Create a ‘safe space’ for collaborative training and learning


  • Facilitate ongoing, collaborative training and learning for energy retailers on family violence assistance

We commend the ESC for running energy retailer training and education workshops on family violence assistance. The workshops have been heavily informed by VCOSS members with deep experience in family violence issues, including Uniting Kildonan, Domestic Violence Victoria, Good Shepherd Australia & New Zealand, WEstjustice, WIRE, Women’s Health East and No to Violence. As part of these workshops, it has been good to see water businesses share their enthusiasm for and knowledge of family violence assistance, having been the first ESC-regulated service to implement this assistance.

Given energy retailers operate in a competitive environment and have fewer collaborative opportunities than water businesses, we encourage the ESC to create ‘safe spaces’ for collective training and learning, particularly for smaller retailers that can benefit from the economies of scale of joint training with similar size retailers. These sessions should allow energy retailers to share insights and successes, learn from mistakes and promote good practice within a peer community.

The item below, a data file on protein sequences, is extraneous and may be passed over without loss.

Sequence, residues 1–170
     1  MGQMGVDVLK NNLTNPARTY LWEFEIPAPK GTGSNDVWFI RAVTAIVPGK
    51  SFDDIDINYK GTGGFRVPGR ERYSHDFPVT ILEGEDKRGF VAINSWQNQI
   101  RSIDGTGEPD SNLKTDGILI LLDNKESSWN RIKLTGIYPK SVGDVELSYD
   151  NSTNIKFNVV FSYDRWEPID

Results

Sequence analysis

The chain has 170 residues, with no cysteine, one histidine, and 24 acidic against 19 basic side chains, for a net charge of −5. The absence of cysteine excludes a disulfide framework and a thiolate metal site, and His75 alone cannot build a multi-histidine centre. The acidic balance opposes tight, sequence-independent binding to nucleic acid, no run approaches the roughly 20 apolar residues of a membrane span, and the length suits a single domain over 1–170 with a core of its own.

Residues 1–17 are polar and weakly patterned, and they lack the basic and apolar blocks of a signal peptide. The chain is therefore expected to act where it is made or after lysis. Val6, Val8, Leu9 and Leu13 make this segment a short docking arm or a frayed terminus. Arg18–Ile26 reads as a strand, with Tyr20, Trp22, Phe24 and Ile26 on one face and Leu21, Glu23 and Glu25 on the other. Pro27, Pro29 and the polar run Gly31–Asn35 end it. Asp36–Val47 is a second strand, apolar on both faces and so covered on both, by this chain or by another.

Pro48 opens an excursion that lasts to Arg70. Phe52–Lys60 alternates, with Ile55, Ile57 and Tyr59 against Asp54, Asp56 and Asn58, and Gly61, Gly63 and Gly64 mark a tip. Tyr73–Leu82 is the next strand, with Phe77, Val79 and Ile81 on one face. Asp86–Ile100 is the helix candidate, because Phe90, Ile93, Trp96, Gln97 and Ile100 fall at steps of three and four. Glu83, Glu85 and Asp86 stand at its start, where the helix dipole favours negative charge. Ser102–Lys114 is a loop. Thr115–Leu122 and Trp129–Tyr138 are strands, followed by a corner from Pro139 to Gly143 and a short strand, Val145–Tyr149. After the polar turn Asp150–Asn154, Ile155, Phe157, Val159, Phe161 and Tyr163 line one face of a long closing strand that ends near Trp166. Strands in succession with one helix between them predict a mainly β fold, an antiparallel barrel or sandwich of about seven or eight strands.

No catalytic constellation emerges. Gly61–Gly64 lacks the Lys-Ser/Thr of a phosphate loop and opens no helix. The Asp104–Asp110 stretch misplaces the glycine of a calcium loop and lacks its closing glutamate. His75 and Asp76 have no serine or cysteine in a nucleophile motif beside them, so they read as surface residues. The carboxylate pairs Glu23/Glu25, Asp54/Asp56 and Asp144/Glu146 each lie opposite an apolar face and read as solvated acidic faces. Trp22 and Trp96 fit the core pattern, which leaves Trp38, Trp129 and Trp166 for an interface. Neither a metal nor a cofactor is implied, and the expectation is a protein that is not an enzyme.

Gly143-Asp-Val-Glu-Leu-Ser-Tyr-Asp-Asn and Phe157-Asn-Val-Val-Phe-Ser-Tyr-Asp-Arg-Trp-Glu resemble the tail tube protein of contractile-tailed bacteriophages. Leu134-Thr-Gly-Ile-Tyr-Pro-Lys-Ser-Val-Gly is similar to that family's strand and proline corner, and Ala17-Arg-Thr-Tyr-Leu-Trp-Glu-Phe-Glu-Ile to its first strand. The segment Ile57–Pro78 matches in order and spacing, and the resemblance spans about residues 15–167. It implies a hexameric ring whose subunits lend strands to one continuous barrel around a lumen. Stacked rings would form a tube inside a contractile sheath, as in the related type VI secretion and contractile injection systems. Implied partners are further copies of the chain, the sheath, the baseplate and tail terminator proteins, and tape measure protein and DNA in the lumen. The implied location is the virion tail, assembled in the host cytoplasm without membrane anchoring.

[1] State of Victoria, Royal Commission into Family Violence: Report and recommendations, vol 4, March 2016, 104.

[2] Stephanie Tonkin, Restoring financial safety: Collaborating on responses to economic abuse, WEstjustice, July 2018, 9.

[3] Consumer Action Law Centre, Heat or Eat: Households should not be forced to decide whether they heat or eat, August 2015, 16, 28-29.

[4] Mark Burdon and Heather Douglas, ‘The smart home could worsen domestic abuse. But the same technology may also make us safer’, The Conversation, 12 September 2017,; Nellie Bowles, ‘Thermostats, locks and lights: Digital tools of domestic abuse’, The New York Times, 23 June 2018,

[5] State of Victoria, Royal Commission into Family Violence: Summary of Recommendations, 2016, 17, 57-58, ch 36.

[6] Larissa Nicholls and Yolande Strengers, Changing demand: Flexibility of energy practices in households with children, Centre for Urban Research, RMIT University, January 2015, 28.

[7] Roger Wilkins and Inga Lass, The Household, Income and Labor Dynamics in Australia Survey: Selected findings from waves 1 to 16, Melbourne Institute: Applied Economic and Social Research, University of Melbourne, 2018.

[8] Victorian Council of Social Service member consultation.

[9] Victorian Council of Social Service, Battling On: Persistent Energy Hardship, November 2018, 22-25, 40-41.

[10] Electricity Industry Act 2000 (Vic) s 43; Gas Industry Act 2001 (Vic) s 48G.